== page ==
As of Saturday, November 22, 2014
SALEM (AP) — Sales of Christmas-tree permits for the Mount Hood National Forest are now available, and permits for the Willamette National Forest go on sale the day after Thanksgiving.
Permits are $5 each and are good for cutting one tree on designated areas of either national forest. Each household can purchase a maximum of five permits.
A permit to cut a Christmas tree on Bureau of Land Management lands is $5.50 for BLM land south of Dexter. Each household is allowed to buy a maximum of three of those permits.
Officials advise that when heading out to collect your tree, don't be fooled by nice weather at valley-level elevations. Weather conditions in the mountains can be drastically different and include freezing temperatures, snow and ice.
Many areas of Mt. Hood National Forest have received snow, making many forest roads difficult to navigate, according to a Nov. 18 alert on the Mount Hood National Forest website.
Information on current conditions for forest lands west of The Dalles and Dufur can be obtained at the Barlow Ranger District office, 780 N.E. Court St. in Dufur, 541-467-2291. Current information on forest lands west of Hood River are available from the Hood River Ranger Station office, 6780 Highway 35, Parkdale, 541-352-2291. Christmas tree cutting permits and maps of cutting areas are also available at the above locations 9 a.m. to 4:30 p.m. on weekdays.
You should prepare for the unexpected, officials advise; bring a handsaw or axe as well as winter clothing and safety equipment. Tire chains and a shovel also are recommended, as is extra food, drinking water, blankets, a flashlight, a first aid kit and survival gear.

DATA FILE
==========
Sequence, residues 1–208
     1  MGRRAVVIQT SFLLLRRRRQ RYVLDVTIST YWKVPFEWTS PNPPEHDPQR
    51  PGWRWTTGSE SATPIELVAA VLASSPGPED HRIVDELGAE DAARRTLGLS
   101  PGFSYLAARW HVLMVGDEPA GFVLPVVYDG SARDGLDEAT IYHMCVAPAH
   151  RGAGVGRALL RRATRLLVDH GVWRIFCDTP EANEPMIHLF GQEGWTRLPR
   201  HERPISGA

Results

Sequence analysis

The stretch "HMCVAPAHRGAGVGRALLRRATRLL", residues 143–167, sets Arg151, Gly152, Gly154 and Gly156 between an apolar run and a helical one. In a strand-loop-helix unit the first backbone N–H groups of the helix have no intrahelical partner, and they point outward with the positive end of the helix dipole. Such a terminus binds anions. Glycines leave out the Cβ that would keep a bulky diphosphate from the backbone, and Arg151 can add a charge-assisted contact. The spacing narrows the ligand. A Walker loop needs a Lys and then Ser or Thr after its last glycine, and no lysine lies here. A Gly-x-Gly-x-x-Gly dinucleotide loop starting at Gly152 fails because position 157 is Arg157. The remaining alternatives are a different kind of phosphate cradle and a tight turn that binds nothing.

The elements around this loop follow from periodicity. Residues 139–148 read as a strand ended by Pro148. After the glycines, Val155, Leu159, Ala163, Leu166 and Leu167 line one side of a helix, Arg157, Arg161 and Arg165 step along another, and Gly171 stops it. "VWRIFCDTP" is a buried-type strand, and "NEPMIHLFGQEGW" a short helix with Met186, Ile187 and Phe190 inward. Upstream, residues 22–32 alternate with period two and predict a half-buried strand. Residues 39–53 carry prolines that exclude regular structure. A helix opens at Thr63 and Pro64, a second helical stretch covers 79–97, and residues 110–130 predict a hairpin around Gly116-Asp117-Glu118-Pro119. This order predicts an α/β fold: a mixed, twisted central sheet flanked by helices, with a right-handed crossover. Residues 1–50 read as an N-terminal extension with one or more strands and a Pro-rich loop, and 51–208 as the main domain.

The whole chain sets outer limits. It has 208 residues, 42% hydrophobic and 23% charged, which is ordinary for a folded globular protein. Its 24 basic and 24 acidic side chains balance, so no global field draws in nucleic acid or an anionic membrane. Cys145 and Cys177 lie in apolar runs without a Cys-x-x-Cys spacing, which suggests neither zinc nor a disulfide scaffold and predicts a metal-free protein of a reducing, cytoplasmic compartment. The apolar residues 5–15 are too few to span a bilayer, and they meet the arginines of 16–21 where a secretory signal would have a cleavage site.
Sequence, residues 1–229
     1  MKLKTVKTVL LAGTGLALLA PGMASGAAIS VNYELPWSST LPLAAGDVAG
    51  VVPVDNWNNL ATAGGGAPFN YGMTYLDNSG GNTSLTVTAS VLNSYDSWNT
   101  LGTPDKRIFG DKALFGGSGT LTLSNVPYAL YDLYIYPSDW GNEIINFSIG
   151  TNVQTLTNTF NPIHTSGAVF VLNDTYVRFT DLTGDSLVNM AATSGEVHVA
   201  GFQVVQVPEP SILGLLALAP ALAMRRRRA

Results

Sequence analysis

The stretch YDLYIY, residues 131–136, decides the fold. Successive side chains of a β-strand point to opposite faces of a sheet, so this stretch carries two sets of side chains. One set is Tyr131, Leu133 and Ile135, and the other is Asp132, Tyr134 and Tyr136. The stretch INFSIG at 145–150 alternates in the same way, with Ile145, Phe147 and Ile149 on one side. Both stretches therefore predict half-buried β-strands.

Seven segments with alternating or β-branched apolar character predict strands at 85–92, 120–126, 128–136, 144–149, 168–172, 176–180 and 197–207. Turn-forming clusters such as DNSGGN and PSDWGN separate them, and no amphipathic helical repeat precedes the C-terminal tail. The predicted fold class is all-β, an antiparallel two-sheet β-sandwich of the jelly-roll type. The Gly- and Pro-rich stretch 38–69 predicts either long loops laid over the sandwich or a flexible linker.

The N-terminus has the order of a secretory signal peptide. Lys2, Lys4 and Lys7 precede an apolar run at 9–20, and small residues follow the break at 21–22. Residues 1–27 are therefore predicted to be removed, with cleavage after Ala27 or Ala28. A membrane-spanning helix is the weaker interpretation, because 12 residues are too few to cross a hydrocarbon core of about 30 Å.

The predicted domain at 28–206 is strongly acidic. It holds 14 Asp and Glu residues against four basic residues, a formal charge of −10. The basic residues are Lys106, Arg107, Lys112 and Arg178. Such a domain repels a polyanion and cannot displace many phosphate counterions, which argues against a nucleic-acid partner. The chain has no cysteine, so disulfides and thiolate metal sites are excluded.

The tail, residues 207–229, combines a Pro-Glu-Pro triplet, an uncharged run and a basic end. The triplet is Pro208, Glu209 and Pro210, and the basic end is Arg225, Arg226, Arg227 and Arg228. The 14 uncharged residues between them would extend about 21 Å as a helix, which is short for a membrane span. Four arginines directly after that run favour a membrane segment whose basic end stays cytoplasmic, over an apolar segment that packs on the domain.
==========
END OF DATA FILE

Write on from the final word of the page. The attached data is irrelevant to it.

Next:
Tree-cutting and travel may take longer than anticipated, so notify a friend or family member where you're going, get an early start, and leave the woods well before dark.
"Going into the woods to find the family Christmas tree is a great way to experience your national forest," said Tim Lahey, the Forest Products Program manager on the Willamette National Forest. "To make it a fun and safe experience, please check the current weather conditions before heading out.
"If you have additional concerns, contact your local ranger station for more information."
To keep your tree from drying out and becoming a fire hazard, leave it outside until you're ready to move it indoors.
Cut the trunk at an angle before placing it in the stand and remember to refill the stand reservoir daily.
Visitors can purchase permits and receive maps of cutting areas at district offices from 9 a.m. to 4:30 p.m. weekdays.